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Cecil County Life

The sweat equity theater

Jan 01, 2015 02:54PM ● By Kerigan Butt

Courtesy photos Scenes from a recent production of Spring Awakening.

By Richard L. Gaw

Staff Writer

It is late in the afternoon at the Milburn Stone Theatre on the campus of Cecil College, and the box office phone is practically ringing off the hook.

The company, which completed a successful run of the musical, Tarzan, in September, is now in its second week of The Addams Family, a musical that brings the television characters of Uncle Fester, Gomez, Morticia, Lurch and Wednesday and Thing to living, breathing life. The word of theater travels rapidly in Cecil County and so far, the news on the show is very good -- so throughout her conversation, Production Manager Serenity Rowland secures ticket reservations for the upcoming weekend.

It's nothing new for Rowland. Over the past several years, a constantly busy box office has become a way of life for the Milburn Stone Theatre, who has built an outstanding reputation as one of the best community theaters in the Northeast on the strength of power-packed seasons filled with leading musicals and compelling dramas, brought to the stage by some of the best theater talent in the area. The last few seasons have offered a wide scope of productions, including the musicals Young Frankenstein Spring Awakening; the drama Dinner With Friends; and Shakespeare's comedy, As You Like It. In addition to Tarzanand The Addams Family, this year's season will see the thrilling Night of the Living Dead; the family favorite Shrek: The Musical; the drama August: Osage County; and the Broadway sensation, Monty Python's Spamalot, all coming to the stage at Cecil College.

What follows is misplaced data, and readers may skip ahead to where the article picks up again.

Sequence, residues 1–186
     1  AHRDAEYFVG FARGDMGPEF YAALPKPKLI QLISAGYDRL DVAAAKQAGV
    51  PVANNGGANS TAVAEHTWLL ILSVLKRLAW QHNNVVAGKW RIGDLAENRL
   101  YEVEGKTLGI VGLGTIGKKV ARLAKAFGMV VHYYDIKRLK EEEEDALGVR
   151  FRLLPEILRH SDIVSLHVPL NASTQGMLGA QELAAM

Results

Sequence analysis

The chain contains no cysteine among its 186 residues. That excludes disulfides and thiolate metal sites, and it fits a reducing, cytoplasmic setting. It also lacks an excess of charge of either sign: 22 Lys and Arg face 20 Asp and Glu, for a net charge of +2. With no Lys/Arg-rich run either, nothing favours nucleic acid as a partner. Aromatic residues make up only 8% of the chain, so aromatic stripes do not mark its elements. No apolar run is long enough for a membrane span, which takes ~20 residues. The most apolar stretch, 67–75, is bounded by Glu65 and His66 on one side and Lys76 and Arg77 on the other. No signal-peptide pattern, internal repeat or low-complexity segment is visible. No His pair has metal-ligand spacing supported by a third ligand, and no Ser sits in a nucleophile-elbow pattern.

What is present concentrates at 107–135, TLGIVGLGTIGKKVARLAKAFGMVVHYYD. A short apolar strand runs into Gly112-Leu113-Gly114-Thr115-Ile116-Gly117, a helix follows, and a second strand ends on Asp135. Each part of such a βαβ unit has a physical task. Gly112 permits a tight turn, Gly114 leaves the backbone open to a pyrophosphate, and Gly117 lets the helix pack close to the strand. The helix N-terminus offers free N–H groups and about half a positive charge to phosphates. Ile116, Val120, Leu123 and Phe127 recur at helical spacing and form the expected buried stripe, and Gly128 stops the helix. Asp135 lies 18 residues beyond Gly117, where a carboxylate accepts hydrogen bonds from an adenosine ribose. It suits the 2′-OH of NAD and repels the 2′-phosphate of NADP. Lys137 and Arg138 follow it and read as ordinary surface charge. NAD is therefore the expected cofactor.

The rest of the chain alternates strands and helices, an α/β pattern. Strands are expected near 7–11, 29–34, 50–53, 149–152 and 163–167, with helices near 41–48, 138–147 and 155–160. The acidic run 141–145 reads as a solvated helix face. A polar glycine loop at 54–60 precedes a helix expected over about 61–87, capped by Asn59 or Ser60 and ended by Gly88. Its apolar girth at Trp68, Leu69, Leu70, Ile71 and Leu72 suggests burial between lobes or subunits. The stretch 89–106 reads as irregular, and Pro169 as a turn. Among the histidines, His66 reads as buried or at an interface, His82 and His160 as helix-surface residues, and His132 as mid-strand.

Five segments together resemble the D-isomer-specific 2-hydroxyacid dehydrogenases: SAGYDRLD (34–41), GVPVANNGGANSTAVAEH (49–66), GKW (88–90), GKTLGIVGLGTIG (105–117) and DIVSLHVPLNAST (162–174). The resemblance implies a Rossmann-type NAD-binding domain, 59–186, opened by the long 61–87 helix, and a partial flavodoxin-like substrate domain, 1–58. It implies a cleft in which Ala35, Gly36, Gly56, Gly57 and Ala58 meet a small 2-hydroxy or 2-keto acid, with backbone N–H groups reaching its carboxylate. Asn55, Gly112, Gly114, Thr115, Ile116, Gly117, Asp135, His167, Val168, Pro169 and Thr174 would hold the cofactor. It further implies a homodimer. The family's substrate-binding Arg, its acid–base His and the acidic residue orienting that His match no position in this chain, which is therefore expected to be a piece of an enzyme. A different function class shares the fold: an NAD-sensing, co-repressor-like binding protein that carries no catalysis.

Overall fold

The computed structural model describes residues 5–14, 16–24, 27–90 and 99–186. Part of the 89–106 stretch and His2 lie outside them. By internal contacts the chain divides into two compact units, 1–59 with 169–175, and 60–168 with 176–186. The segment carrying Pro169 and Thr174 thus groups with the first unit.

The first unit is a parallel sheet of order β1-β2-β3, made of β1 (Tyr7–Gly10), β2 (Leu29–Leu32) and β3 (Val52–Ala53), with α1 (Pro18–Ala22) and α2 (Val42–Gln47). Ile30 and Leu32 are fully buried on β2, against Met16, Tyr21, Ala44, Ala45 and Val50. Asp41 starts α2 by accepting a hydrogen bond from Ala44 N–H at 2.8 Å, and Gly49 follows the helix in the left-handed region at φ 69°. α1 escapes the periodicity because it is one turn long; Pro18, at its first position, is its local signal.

Productions like these, crafted and designed by a talented troupe of directors, choreographers, set builders and technical designers, have led many local theater audiences to assume that the Milburn Stone Theatre is a professional theater company. In truth, the company operates as a community theater, whose funding comes from a combination of ticket revenue, individual donations, corporate sponsorships and Cecil College, but those who run the place do not mind the comparison.

"I love it when people say that about us," Rowland said. "It's always nice to have that recognition. I think we strive to operate as a professional theater."

"Our shop foreman told me once, 'We don't view ourselves as doing community theater. We view ourselves as doing theater for the community,'" said Artistic Director Lee Lewis. "That is probably the biggest difference between Milburn and other community theaters in the area. If you treat it like its community theater, it's going to be community theater. There's no one on the entire staff who has ever viewed what we do as community theater."

The primary mission of any community theater is to come up with the answer to, "Who are we, and how do we wish to go about accomplishing that?" Along with the creative mix of deciding which shows would best define a theater’s mission is the necessity of helping to pay for that definition. For selection committees everywhere, it's a theatrical juggling match, and in recent years, many community theaters have been taken to task for choosing to load their seasons with edgier works that don't play to general audiences, while others are criticized for seasons that are top-heavy with surefire chestnuts -- shows that are guaranteed to sell out the house but too often are the nutritional equivalent of a piece of wet kitsch.